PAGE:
Experimental evidence that herbivory increases shoot density and productivity in a subtropical turtlegrass (Thalassia testudinum) meadow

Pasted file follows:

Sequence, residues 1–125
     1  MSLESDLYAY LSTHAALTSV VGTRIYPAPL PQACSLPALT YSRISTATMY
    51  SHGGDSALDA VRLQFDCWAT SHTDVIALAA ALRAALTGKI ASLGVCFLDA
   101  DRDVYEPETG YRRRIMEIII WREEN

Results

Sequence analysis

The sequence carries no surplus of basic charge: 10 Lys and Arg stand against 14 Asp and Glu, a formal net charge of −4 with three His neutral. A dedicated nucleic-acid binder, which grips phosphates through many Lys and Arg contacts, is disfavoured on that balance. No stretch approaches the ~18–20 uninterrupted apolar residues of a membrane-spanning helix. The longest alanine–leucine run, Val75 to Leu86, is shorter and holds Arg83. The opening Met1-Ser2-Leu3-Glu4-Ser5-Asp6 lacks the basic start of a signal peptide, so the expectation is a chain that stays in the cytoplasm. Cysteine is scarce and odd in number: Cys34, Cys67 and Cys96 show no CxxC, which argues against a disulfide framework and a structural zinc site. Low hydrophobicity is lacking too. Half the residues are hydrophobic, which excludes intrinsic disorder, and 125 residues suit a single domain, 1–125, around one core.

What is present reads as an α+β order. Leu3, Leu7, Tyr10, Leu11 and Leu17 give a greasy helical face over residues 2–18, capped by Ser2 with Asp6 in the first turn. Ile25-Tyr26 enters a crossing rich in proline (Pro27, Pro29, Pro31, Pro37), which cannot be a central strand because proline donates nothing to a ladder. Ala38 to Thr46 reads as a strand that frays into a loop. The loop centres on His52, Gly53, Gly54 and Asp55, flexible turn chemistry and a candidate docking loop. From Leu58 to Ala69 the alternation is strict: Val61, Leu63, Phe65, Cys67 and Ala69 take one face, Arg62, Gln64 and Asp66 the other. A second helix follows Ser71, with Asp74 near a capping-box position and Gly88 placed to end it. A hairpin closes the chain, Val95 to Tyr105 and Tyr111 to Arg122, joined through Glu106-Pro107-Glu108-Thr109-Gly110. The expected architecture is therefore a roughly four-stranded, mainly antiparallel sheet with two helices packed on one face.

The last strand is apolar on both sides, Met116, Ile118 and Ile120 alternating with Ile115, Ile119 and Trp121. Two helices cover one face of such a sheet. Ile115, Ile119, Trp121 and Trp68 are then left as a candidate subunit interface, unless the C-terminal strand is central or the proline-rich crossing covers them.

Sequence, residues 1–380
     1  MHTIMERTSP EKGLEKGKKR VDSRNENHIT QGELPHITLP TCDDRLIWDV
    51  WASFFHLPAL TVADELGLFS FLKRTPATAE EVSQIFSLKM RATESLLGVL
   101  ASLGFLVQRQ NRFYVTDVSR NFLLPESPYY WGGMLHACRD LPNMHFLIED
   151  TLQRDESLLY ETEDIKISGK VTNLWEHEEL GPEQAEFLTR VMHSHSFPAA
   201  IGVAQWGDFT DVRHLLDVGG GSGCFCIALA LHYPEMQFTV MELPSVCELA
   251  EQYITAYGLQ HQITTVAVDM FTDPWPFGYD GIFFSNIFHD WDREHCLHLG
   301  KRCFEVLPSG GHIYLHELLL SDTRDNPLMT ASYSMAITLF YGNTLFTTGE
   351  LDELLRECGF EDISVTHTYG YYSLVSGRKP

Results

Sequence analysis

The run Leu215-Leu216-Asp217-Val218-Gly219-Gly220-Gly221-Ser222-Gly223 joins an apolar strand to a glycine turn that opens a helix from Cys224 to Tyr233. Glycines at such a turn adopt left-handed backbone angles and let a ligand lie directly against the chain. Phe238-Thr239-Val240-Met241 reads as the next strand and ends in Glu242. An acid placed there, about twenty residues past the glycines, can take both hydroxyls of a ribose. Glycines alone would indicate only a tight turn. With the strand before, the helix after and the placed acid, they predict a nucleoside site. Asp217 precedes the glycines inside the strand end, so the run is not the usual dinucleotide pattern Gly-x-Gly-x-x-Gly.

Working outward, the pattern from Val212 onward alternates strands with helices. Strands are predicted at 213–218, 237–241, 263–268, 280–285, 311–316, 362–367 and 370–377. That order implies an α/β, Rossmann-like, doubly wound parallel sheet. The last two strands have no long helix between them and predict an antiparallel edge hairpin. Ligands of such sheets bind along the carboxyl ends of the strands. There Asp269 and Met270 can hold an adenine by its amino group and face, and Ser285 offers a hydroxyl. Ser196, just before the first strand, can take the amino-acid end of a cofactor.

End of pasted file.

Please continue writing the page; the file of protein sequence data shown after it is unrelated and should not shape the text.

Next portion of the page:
The sea urchin, Lytechinus variegatus, has been estimated to consume between 50 and 90% of annual net aboveground production in selected turtlegrass (Thalassia testudinum) meadows in the eastern Gulf of Mexico. Nevertheless, turtlegrass persists where sea urchin grazing is intense. We hypothesized that turtlegrass productivity is stimulated by grazing, as has been reported from terrestrial grassland systems, and that this best explains the persistence of heavily grazed turtlegrass in St. Joseph Bay, Fla. This hypothesis was tested by manipulating sea urchin densities (0, 10, and 20 individuals/m(2)) in 1-m(2) enclosures. These densities encompass the range of average densities at the study site and those reported in the literature. Changes in turtlegrass abundance (e.g., short shoot density and biomass), production by short shoots, and leaf width were monitored in these enclosures during the summer. Repeated-measures ANOVA showed that production by short shoots, leaf density/shoot, and leaf width decreased over time in all treatments. Leaf density/shoot and leaf width were not significantly impacted by grazing, nor did grazing significantly reduce seagrass biomass, but it did lead to significantly higher densities of short shoots than found in control cages. Our results indicate that turtlegrass compensates for the effects of sea urchin herbivory by increasing the recruitment of short shoots during the growing season. We estimate that this increased shoot density led to a 40% increase in net aboveground primary production (g dry weight/m(2)) in grazing treatments, which helps to explain the lack of significant reductions of sea grass biomass during the growing season.